An important feature of this arrangement is that if the pressure supply to the pressure ram assembly fails for any reason, the control element 36 will tend to open the aperture thus flooding the clearance gap with fluid to ensure that drive between the fan and the engine is preserved.
Another important feature is that the arrangement allows continuous modulation of fan speed versus coolant temperature across substantially the whole operating temperature range.
A further advantage is that the balance of a temperature dependent force against a centrifugally generated speed dependent force provides reduced hysteresis when the sensed temperature falls, because the speed force varies as the square of the speed. Also, the fan speed versus coolant temperature characteristics can be predicted reasonably accurately because the temperature/force characteristic of the thermal pressure valve and the speed/force characteristic of the speed sensor can be predicted mathematically.
This leads to a significant improvement of the efficiency of the cooling system because it allows the fan speed to be tied more closely with the coolant temperature (i.e. the cooling requirement) so that the problems of wasting engine energy by overcooling or risking engine damage by overheating are avoided.
Referring now to FIGS. 2a,2b and 3, the casing parts 14,15 of the clutch of FIG. 1 are configured so that they can be assembled for engine rotation in either the clockwise sense (FIG. 2a) or counterclockwise sense (FIG. 2b). For proper operation of the scoop pumps, the pump outlet passages or ports 28 must be in the trailing end of the scoops 26, as mentioned above, and so the layout of the scoops 26 and ports 28 must be changed for rotation in the opposite sense. This is achieved in the present arrangement by providing the scoops 26 in the rear casing part 15 and the outlet port and passages in the front casing part and designing the arcuate extent of the scoops and the gaps therebetween in relation to the pitch of the bolts 43 which secure the casing together so that the "handedness" of the clutch can be switched simply by indexing the front and rear casing parts by one bolt spacing.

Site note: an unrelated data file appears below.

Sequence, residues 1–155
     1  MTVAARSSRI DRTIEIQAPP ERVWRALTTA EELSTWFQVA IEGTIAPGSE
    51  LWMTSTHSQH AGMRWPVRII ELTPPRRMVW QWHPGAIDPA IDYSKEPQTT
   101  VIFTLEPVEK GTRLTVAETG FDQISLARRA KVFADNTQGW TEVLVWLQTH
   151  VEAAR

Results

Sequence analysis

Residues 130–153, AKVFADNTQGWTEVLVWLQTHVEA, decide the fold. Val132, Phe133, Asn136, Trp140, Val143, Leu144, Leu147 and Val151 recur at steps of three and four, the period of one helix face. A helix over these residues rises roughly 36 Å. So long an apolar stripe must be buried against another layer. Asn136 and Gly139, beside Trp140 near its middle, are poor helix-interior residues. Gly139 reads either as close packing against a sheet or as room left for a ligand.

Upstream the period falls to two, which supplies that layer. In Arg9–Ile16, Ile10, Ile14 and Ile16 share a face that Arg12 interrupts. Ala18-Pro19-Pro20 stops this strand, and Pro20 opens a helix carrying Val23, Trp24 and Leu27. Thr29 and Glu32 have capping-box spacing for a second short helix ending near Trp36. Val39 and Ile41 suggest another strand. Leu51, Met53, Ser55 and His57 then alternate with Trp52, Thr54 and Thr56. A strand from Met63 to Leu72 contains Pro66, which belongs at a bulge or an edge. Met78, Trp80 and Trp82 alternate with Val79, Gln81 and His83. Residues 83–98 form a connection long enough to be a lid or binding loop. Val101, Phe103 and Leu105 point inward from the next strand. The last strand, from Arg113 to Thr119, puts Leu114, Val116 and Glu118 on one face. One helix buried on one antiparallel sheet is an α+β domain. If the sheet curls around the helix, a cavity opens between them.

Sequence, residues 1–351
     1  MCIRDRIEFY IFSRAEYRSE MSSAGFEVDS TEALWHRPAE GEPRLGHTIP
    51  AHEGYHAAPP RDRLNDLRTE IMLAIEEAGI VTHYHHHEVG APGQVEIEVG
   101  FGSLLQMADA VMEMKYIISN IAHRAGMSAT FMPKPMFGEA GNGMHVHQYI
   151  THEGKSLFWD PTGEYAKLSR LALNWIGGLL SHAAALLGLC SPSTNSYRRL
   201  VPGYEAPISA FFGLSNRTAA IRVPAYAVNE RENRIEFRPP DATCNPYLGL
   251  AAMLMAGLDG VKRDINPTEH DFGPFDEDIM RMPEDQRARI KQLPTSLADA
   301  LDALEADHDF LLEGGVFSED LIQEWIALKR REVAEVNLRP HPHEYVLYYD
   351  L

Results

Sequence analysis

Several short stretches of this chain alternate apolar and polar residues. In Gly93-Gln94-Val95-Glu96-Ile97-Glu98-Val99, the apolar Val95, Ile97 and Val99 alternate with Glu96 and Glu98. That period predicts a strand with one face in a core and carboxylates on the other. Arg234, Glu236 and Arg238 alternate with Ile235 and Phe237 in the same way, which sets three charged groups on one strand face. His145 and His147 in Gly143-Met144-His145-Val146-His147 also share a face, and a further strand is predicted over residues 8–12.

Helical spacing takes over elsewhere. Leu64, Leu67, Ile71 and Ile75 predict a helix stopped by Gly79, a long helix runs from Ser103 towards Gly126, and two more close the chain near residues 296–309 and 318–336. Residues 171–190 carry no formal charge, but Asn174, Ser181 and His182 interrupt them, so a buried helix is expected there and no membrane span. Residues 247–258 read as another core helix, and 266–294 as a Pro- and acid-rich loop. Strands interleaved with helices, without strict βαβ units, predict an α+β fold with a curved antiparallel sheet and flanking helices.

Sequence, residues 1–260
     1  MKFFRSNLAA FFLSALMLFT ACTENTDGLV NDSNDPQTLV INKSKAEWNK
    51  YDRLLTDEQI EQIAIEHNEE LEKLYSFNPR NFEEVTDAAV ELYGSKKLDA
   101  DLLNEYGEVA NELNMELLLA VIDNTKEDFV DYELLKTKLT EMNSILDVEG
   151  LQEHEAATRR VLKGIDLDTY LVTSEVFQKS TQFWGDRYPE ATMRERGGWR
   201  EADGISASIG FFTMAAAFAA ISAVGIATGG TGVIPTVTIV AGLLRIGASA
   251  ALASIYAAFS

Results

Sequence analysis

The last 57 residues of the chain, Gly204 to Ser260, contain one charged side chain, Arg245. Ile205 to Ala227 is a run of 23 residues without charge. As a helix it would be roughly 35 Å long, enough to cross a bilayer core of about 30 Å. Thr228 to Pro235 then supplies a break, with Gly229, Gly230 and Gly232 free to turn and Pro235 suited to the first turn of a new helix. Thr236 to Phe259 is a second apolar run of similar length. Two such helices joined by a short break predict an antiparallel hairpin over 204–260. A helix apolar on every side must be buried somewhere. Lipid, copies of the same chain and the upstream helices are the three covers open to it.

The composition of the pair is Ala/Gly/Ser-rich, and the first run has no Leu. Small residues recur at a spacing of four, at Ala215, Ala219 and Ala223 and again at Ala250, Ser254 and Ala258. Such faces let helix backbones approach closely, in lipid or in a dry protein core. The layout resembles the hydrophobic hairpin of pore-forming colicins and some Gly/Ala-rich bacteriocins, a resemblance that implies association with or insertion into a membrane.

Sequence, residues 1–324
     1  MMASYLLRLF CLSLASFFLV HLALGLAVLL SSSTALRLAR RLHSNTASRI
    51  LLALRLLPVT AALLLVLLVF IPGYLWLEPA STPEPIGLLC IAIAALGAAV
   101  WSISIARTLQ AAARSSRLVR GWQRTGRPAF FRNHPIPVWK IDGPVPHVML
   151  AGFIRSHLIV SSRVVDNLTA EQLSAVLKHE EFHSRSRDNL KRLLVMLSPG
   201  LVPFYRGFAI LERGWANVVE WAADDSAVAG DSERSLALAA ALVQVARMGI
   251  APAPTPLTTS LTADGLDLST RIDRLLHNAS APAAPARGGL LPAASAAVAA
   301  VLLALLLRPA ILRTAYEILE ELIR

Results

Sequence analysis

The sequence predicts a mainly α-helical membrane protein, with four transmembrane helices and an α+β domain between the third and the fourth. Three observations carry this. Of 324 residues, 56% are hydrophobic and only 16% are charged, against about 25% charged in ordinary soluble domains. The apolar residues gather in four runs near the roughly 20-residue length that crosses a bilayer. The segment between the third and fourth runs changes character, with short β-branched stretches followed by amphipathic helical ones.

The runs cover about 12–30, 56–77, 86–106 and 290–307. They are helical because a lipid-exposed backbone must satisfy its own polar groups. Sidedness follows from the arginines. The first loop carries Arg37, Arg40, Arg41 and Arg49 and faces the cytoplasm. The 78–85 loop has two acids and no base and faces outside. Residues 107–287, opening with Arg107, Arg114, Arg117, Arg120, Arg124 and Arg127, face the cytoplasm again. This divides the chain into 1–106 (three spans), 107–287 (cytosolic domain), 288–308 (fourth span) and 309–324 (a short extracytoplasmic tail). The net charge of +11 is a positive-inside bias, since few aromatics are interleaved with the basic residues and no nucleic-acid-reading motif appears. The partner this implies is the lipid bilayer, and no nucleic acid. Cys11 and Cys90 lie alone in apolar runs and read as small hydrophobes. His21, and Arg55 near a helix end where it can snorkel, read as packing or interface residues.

For ease of assembly during manufacture, the front casing part includes a notch mark 47 and the rear casing part includes the letters `A` and `C` which should be lined up with the mark to denote counterclockwise or clockwise rotation respectively.